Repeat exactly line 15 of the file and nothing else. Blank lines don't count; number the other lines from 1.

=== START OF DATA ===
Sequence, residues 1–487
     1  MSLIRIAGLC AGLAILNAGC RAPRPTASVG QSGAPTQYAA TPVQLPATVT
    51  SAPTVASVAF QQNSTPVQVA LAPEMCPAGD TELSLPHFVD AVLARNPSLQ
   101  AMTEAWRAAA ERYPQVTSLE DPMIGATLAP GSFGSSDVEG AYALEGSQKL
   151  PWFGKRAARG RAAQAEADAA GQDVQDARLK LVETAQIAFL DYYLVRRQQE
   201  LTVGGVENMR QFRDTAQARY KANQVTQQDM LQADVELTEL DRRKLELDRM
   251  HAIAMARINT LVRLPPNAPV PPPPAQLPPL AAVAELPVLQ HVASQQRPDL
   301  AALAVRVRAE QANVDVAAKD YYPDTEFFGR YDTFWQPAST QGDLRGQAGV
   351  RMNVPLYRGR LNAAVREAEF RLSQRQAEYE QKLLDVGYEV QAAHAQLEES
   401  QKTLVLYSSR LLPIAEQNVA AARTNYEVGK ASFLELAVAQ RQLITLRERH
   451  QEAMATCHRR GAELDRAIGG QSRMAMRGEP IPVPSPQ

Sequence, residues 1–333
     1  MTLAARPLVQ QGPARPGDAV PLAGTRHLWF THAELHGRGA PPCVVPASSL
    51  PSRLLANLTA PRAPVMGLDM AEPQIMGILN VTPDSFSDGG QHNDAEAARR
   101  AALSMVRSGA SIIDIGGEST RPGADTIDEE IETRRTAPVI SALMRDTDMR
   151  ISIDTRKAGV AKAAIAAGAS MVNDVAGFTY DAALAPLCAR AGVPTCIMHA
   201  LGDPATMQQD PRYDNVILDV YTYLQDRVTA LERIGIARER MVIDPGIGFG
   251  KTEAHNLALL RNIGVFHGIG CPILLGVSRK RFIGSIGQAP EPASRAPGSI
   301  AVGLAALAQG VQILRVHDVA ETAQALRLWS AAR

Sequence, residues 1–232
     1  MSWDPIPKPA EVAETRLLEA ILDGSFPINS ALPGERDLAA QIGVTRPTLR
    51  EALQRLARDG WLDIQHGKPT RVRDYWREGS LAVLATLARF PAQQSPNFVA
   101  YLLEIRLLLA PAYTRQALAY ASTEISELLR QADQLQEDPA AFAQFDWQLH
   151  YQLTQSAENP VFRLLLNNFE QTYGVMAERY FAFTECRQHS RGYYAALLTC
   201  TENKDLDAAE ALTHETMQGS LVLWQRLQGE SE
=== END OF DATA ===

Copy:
   101  AALSMVRSGA SIIDIGGEST RPGADTIDEE IETRRTAPVI SALMRDTDMR